Calm, cool and collected: 6 simple strategies to help you stay present
Easy yet effective ways to incorporate mindfulness into your daily routine.
Despite our best efforts, we often find ourselves over-stressed and a little less present than we strive to be. But actually being present is a little easier said than done. It it can be hard to remain mindful when our days are full of deadlines, commitments and to-do lists. Mindfulness is the ability to be fully present in everything you do throughout your day — it's the awareness that things may go wrong during the day, but it teaches you to not to be overly reactive or overwhelmed by it all. And if that sounds like a challenge, don't worry. Here are some simple yet effective ways to incorporate moments for mindfulness throughout your day. Starting as soon as you wake up in the morning, they're easy to do and take no time at all.
Begin your day with something as simple as pouring yourself a glass of water. Your body needs the hydration and replenishment after a night of sleep, and water can help flush out toxins and jumpstart your metabolism. Keep a carafe by your bed as a simple reminder to start your day off right.
Stretch it out
After your glass of water, stretch out your muscles. These are three stretches you can do before you even leave your bed.
Lie on your back, with both knees bent and feet flat on the bed. Extend one leg straight up from the hip, knee straight but not locked, and pull it gently back until you feel a stretch in the hamstring of that leg. Repeat with the opposite leg.
Lie flat on your back with your legs extended. Bend one knee and pull it in toward your chest. For an extra stretch, gently guide that knee over to the opposite side of your body, pulling your spine into a gentle twist. For example, you'd guide your left knee over to the right side of your body, and vice versa.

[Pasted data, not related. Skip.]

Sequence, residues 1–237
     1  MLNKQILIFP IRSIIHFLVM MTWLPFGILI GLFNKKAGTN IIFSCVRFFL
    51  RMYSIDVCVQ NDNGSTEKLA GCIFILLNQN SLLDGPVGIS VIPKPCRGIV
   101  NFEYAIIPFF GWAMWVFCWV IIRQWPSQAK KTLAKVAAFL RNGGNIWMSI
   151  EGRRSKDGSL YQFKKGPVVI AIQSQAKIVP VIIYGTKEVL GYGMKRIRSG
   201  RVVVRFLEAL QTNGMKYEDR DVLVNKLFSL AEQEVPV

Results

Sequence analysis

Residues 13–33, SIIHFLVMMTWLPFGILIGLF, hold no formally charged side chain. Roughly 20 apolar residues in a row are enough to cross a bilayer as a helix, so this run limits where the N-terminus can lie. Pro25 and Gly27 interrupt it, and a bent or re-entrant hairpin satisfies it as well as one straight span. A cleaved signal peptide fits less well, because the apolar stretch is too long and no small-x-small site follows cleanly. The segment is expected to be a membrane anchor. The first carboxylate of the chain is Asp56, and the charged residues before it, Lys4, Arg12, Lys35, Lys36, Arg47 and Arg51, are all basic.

Lie on one side and bend your top leg, pulling the heel as close to your buttocks on that side as possible. Keep your knees pinned together and think of pushing your hips forward slightly; you should feel a stretch down the front of your thigh and across your hip.
Keep a daily journal
Many studies note that the act of writing down three things you are grateful can actually make you feel more positive and that positivity can carry you throughout your day. By writing down a positive experience, you relive it all over again and this can increase the serotonin levels in your body — the chemical that balances your mood and keeps you feeling happy. You can also write about what you're looking forward to in the coming day, big or small, which will help you stay focused on the positives of each day. Finally, end your entry with an affirmation dictating how you'd like to feel that day, such as "I am energized" or "I am focused." This can help reprogram your mind to think in a more mindful, positive way. If you're too busy in the morning, try this out at the end of the day when you have a moment to relax, and you might begin to see your days from a whole new perspective.
Meditate to concentrate
Meditation is a great way to increase concentration, reduces stress levels, and alleviates anxiety. There are so many free apps out there like HeadSpace. It takes you through any mood you're feeling, any time of day, and is great for beginners who don't know how to meditate and want to learn. Other apps and sites such as Stop, Breathe & Think or Calm.com are also great tools to get you back on track so you can walk into your next challenge in a calm and collected state of mind.
Stay present while you sip
Being in the moment is essential to mindfulness, regardless of what you're doing. So taking those five minutes to yourself to enjoy a warm beverage will help focus your mind and increase your concentration. This recipe is super easy, plus it warms you up and gets your digestion going.
Pair your practice with aromatherapy
Aromatherapy has been shown to reduce anxiety, ease depression, boost energy levels and even help induce sleep. And while essential oils are all the rage right now, they're actually the perfect addition to your mindfulness practice. Specific aromas have restorative properties that can help you relax, and focus on the present. And if you've got a bit of a headache that's keeping you from focusing, peppermint oil could help. It contains menthol, which has analgesic and anaesthetic properties that help to relieve pain and act as a natural alternative to pain relievers. Learn how to make your own topical headache relief here.